We’ve lived so long under the spell of hierarchy—from god-kings to feudal lords to party bosses—that only recently have we awakened to see not only that “regular” citizens have the capacity for self-governance, but that without their engagement our huge global crises cannot be addressed. The changes needed for human society simply to survive, let alone thrive, are so profound that the only way we will move toward them is if we ourselves, regular citizens, feel meaningful ownership of solutions through direct engagement. Our problems are too big, interrelated, and pervasive to yield to directives from on high.
—Frances Moore Lapp√©, excerpt from Time for Progressives to Grow Up

Monday, January 2, 2012

Understanding the Occupy movement: creating social power

Click here to access article by Dr. Kim Scipes from Energy Bulletin, an excerpt from full article in ZNet. 

This article is an illustration of the fact that Occupy activists are carrying on their work of creating a new inclusive democratic society. It focuses on the critical need of creating a dynamic social unit which acts as a nucleus for inclusiveness. Such a unit is needed to construct the entire edifice of inclusive democratic societies. I completely agree with his notion that affinity groups are precisely that basic unit. Based on his organizational experiences, the author offers some very useful ideas on how they could function and support other structures .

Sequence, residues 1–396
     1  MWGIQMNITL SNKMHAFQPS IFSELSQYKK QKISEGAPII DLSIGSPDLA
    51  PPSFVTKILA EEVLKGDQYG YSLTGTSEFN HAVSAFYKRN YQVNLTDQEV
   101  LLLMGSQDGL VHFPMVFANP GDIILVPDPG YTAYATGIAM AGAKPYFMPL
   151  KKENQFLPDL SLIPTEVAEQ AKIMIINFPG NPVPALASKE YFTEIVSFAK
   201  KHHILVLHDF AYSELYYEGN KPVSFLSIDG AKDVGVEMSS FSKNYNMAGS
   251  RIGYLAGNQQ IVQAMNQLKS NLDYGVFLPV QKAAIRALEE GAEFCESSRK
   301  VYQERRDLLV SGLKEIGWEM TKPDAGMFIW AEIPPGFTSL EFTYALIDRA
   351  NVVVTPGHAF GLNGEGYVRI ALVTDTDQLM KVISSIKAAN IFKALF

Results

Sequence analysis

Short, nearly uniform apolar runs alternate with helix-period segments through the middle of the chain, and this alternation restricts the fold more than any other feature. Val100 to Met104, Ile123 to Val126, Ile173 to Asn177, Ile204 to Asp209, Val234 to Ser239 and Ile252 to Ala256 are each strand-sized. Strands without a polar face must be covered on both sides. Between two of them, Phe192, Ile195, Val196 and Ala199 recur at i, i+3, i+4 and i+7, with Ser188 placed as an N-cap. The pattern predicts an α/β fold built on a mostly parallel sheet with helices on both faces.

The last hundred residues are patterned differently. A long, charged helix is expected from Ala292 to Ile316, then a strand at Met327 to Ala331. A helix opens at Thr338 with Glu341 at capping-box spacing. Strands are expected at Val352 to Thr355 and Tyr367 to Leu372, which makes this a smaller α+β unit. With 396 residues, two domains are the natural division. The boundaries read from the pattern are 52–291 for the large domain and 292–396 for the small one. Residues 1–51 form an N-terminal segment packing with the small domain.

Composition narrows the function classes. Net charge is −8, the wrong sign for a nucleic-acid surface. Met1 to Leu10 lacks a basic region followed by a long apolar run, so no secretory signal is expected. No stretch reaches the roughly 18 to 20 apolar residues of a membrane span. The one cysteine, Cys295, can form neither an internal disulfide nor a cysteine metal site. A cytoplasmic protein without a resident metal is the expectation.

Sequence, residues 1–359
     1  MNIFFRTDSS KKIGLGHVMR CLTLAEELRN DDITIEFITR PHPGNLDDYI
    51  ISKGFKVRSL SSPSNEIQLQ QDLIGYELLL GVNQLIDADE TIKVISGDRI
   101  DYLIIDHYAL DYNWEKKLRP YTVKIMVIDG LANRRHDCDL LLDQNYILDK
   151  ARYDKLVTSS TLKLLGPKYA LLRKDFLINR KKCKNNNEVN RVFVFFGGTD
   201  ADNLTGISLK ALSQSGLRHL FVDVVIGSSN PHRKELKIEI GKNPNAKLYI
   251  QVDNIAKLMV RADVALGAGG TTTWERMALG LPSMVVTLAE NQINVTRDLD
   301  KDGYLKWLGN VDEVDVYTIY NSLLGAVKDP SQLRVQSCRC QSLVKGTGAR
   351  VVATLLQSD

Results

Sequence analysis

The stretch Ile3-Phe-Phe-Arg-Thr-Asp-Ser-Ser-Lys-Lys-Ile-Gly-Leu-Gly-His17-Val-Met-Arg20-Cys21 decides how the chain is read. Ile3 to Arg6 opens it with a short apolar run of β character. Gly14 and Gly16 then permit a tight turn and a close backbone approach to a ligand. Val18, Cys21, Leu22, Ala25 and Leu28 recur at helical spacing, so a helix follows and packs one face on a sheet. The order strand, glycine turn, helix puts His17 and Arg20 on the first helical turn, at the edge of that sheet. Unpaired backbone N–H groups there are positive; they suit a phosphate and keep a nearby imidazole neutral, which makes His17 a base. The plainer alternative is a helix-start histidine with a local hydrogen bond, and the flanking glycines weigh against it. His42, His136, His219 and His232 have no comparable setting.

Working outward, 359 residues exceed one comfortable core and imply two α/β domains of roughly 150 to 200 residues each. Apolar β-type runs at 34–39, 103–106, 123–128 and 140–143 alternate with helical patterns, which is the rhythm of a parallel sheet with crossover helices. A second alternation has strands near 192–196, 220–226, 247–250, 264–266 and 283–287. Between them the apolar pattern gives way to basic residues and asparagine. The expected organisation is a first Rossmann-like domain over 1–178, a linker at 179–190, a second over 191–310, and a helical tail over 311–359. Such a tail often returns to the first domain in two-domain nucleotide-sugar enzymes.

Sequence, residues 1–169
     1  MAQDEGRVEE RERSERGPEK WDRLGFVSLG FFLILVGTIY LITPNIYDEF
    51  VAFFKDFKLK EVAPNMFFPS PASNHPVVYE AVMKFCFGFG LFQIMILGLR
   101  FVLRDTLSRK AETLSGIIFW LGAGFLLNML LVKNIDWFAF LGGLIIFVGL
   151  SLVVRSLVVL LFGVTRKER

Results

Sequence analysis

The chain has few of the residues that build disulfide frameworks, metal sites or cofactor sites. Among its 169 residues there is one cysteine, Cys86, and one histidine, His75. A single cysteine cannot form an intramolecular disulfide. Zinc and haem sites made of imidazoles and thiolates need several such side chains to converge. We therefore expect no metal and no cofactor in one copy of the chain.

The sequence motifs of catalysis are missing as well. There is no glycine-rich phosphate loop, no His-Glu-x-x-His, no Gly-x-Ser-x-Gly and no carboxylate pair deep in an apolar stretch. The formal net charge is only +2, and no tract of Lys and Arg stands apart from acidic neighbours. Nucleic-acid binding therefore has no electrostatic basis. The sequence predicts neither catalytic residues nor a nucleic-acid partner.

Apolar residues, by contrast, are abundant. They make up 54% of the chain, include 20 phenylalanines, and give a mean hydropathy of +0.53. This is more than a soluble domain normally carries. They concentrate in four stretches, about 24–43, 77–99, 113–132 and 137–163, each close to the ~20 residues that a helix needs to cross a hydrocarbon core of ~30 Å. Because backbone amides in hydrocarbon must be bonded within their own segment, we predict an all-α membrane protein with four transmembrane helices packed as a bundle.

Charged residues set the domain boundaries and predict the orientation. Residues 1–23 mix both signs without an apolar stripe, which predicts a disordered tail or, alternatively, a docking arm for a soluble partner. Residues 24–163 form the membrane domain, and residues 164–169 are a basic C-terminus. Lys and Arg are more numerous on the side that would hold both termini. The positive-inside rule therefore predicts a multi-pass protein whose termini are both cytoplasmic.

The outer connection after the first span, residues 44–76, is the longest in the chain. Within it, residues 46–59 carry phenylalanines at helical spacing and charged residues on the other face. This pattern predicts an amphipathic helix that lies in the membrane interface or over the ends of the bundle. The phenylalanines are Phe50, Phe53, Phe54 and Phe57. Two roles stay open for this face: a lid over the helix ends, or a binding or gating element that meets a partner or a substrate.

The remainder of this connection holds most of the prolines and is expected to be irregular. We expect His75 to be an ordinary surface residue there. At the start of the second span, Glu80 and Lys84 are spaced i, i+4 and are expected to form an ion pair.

I think each Occupy needs to pull people together, but then to encourage people to organize themselves into affinity groups, of between, say, 5-12 people. This sized group is small enough where people can build personal connections and make decisions that all can abide by, and yet be big enough for folks to engage in collective activities while having some in support in case of arrests, etc.